2.  The entire FINRA COP is contained in the FINRA Manual available at http://finra.complinet.com.

3.  Even prior to the Court of Appeals' ruling, the Fieros had brought an action in the Southern District, which has been voluntarily dismissed without prejudice pursuant to Fed.R.Civ.P. 41(a).

4.  However, the court's order did not specify the amount of the judgment. On April 2, 2009, the district court issued a more detailed decision and order, setting forth its findings, reasoning, and conclusions as to the earlier judgment, but similar to its earlier order, this decision did not specifically direct entry of a judgment for a specific amount of money. Fiero v. Fin. Indus. Regulatory Auth., Inc., 606 F.Supp.2d 500 (S.D.N.Y.2009). The Fieros and FINRA both timely filed their notices of appeal on April 14, 2009 and April 29, 2009, respectively.On April 17, 2009, the district court requested a limited remand to correct the omission of the judgment amount. On July 15, 2009, we granted the district court's request, and, thereafter the district court directed the clerk to enter a judgment in favor of FINRA in the amount of $1,010,809.25 with costs and interest. Both parties made timely requests to reinstate the appeals, which we granted on August 12, 2009.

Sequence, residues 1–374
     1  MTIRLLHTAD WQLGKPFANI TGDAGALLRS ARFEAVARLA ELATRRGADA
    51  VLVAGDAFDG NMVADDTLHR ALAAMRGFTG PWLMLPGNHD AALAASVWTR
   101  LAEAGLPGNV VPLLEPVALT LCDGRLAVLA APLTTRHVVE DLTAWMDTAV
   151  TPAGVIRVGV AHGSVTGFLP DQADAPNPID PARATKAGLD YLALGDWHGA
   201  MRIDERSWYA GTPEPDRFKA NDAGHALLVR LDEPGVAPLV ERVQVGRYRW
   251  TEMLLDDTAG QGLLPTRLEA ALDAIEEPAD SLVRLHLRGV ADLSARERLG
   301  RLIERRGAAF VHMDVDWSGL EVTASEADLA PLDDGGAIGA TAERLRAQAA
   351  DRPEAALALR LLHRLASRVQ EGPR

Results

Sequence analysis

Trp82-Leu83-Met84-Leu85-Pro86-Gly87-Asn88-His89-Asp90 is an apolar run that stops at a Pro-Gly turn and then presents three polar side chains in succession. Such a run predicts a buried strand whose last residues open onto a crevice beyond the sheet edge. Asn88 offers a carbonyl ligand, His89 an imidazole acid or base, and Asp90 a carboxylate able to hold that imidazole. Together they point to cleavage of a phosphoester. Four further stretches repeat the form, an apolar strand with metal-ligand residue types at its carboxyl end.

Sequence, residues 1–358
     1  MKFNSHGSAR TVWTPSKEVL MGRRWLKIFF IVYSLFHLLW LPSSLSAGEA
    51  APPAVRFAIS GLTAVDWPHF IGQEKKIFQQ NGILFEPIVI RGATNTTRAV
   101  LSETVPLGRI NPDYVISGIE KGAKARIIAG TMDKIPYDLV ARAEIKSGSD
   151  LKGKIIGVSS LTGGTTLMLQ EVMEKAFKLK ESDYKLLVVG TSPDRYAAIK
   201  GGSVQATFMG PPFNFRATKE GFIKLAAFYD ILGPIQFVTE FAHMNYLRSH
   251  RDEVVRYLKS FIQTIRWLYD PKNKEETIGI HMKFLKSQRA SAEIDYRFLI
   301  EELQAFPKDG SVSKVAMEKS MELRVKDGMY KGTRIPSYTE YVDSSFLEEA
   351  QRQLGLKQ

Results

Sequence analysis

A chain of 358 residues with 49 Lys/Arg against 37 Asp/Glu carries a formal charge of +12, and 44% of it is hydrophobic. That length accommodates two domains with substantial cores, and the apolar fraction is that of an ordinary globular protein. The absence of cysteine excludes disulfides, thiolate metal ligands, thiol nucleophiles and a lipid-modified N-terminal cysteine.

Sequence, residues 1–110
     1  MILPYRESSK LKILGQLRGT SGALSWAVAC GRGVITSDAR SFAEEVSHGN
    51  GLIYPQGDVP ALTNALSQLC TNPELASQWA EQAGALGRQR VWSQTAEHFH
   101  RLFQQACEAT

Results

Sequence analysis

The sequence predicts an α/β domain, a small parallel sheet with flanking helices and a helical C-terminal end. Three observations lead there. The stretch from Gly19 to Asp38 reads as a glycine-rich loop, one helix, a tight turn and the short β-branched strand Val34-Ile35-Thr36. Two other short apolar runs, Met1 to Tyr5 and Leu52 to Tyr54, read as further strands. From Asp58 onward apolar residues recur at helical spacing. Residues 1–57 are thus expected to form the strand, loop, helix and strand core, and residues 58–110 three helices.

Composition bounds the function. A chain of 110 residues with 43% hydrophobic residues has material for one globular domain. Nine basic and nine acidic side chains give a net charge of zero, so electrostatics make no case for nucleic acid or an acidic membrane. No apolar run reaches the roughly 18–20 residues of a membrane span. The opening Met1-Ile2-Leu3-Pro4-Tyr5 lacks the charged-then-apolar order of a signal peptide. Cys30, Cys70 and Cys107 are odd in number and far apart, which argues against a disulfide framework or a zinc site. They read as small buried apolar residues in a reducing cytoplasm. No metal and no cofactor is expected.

5.  Although both parties had agreed that federal jurisdiction existed, the district court sua sponte decided that it lacked federal question jurisdiction under 28 U.S.C. § 1331, but had diversity jurisdiction under 28 U.S.C. § 1332. Fiero, 606 F.Supp.2d at 509. We disagree with the district court's conclusion that it lacked federal question jurisdiction.For jurisdiction to arise under Section 1331, “the claim as stated in the complaint” must “arise[ ] under the Constitution or laws of the United States.” S. New England Tel. Co. v. Global NAPs Inc., 624 F.3d 123, 132 (2d Cir.2010) (quoting Carlson v. Principal Fin. Grp., 320 F.3d 301, 306 (2d Cir.2003) (internal quotation mark omitted)). The Fieros seek a declaratory judgment under 28 U.S.C. § 2201, “that FINRA has no authority to obtain a money judgment based on” a disciplinary fine imposed pursuant to FINRA's powers under the Exchange Act. See Compl. ¶¶ 1, 16, and 30. On its face, the complaint states a claim under the Exchange Act. We have federal question jurisdiction to determine whether FINRA has authority to collect through judicial proceedings fines levied pursuant to the Exchange Act. See Franchise Tax Bd. v. Constr. Laborers Vacation Trust, 463 U.S. 1, 19 n.19 (1983) (explaining that federal question jurisdiction exists over a declaratory judgment action if, inter alia, the defendant could have brought a coercive claim under federal law against the plaintiff); see also Carlson, 320 F.3d at 307 (holding that the district court has subject matter jurisdiction because it “is clear that the complaint, on its face, seeks relief under ERISA”).